On April 9, 2018, the Ninth Circuit Court of Appeals ruled en banc that prior salary alone cannot be used to justify payment of lower wages to a female employee. The case, Rizo v. Yovino, 887 F.3d 453, involved a female math consultant hired by the Fresno County Office of Education (“Fresno”) who alleged Fresno paid her less than comparable male employees for the same work.
Rizo’s salary was determined solely by adding 5% to her prior salary pursuant to Fresno’s standard hiring schedule. Fresno did not dispute it paid Rizo less than her male counterparts, but asserted an affirmative defense based on one of the exceptions to the Equal Pay Act, which allows employers to rebut an employee’s claim of pay discrimination based on a “factor other than sex.”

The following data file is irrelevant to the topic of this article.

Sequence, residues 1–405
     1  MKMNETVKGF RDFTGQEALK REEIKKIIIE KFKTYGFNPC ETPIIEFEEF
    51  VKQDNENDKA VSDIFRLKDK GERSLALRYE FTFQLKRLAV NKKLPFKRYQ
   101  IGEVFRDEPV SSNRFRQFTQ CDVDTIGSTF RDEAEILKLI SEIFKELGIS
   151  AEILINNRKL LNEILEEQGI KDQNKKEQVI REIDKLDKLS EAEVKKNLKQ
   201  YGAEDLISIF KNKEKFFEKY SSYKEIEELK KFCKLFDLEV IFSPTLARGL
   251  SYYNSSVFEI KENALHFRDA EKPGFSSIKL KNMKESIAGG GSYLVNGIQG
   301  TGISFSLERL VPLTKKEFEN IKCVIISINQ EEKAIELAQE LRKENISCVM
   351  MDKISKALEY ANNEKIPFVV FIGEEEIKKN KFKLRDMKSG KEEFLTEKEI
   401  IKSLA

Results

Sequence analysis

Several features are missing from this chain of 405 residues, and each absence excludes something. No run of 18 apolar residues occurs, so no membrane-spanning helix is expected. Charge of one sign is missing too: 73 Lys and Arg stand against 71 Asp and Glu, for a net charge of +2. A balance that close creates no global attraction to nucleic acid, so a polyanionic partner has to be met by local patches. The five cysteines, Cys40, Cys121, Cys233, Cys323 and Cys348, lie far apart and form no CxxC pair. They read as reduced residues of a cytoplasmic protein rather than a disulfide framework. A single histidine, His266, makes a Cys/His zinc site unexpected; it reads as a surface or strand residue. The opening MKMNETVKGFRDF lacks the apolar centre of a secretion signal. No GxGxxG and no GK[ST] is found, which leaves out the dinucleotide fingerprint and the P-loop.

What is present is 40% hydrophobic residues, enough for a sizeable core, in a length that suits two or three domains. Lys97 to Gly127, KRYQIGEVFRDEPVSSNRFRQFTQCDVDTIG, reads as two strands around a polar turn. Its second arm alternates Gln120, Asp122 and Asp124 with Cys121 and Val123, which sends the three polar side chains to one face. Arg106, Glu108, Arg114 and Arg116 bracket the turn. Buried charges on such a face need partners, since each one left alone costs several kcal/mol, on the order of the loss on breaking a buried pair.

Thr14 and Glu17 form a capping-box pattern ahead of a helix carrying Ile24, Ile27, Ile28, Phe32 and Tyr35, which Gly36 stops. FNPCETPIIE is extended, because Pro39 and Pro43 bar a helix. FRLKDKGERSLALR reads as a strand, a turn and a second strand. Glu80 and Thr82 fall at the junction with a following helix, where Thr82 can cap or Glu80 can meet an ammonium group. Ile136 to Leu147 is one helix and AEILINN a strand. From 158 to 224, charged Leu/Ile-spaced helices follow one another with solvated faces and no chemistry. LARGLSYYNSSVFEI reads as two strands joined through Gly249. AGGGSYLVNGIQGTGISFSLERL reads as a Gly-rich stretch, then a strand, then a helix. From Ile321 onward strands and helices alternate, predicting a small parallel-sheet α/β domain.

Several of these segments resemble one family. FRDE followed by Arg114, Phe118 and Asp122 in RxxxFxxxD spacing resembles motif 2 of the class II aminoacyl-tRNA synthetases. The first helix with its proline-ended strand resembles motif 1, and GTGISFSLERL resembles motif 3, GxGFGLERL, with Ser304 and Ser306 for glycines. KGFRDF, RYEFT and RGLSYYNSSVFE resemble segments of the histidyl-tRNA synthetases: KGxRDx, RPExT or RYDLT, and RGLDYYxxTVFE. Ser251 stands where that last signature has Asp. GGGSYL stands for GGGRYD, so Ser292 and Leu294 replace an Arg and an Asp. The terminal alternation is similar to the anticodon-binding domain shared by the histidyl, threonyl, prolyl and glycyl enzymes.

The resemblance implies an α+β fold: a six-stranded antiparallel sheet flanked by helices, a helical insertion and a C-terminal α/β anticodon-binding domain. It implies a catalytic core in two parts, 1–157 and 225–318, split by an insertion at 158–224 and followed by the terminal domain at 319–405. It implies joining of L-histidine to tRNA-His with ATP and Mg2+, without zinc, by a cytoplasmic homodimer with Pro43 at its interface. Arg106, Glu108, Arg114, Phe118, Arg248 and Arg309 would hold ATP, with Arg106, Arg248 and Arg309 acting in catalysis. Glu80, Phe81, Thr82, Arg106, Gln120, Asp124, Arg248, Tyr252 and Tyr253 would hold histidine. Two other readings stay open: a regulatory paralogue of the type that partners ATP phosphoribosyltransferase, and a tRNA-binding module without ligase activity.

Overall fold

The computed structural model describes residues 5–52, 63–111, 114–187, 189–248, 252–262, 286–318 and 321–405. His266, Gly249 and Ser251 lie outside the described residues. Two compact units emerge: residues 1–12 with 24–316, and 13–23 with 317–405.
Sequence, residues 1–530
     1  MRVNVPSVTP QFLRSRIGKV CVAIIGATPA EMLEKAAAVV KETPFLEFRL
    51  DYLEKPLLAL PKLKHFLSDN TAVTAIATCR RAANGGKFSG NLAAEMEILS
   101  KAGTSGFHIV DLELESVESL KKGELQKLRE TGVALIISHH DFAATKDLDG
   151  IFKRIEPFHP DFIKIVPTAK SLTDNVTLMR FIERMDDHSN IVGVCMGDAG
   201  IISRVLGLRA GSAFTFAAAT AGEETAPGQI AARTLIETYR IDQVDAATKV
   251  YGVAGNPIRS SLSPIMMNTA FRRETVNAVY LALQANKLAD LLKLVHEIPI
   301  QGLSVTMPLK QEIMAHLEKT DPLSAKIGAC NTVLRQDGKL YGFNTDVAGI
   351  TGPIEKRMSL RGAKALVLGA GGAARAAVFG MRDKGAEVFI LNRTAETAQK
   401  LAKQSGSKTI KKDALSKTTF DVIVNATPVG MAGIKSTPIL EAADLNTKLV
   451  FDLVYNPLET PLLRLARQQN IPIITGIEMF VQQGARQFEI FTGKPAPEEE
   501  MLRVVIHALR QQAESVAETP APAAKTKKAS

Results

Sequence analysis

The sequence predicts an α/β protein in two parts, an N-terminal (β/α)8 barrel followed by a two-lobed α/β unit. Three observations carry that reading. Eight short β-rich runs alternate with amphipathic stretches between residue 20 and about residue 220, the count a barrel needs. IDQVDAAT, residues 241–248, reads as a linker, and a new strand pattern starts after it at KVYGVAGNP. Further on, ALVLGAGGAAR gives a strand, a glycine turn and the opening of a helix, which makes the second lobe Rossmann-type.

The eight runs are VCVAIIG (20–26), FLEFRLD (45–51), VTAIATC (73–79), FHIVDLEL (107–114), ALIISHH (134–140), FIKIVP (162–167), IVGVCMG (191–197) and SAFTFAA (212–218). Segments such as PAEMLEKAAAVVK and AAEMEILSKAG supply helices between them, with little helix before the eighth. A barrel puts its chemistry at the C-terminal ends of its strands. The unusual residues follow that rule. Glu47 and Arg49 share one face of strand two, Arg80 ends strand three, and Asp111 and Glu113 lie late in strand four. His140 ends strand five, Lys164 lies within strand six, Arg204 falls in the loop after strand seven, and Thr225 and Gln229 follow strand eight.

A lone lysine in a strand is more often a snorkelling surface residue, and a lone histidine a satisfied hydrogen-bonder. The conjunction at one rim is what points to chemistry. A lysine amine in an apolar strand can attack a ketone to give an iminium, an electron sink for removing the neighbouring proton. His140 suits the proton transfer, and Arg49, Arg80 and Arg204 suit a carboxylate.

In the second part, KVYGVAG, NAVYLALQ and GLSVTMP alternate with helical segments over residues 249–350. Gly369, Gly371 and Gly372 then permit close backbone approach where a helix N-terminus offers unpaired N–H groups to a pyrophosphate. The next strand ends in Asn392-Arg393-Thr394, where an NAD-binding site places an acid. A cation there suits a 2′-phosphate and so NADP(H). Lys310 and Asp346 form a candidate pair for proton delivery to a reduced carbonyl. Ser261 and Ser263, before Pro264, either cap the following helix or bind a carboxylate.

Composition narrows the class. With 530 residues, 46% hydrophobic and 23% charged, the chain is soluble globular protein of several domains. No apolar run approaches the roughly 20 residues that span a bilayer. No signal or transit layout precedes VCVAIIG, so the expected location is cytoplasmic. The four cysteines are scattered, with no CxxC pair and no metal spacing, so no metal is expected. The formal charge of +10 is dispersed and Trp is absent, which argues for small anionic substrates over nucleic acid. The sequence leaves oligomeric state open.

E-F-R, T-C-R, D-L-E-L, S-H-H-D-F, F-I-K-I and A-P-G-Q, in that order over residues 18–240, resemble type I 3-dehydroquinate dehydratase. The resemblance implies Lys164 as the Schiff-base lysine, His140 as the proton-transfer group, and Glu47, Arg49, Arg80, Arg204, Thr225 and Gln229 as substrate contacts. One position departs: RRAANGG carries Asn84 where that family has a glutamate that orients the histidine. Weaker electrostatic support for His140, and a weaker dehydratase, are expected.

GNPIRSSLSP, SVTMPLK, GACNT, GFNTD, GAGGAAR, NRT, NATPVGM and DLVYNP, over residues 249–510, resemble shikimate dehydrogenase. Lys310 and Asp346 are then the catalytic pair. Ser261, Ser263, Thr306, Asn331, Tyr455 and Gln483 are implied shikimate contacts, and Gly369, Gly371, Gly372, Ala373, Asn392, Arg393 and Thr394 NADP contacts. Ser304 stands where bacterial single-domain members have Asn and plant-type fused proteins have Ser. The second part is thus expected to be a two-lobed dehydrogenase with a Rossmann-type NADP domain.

The Court held that the “factor other than sex” must be job-related such as experience, background, ability, or job performance and that prior salary alone was not sufficiently job-related to constitute a defense to an accusation of pay discrimination. The Court reasoned that allowing employers to justify a pay differential based on prior salary is inconsistent with the purpose of the Equal Pay Act. The Court specifically left open the question of whether and under what circumstances past salary history may play a role in individual salary negotiation.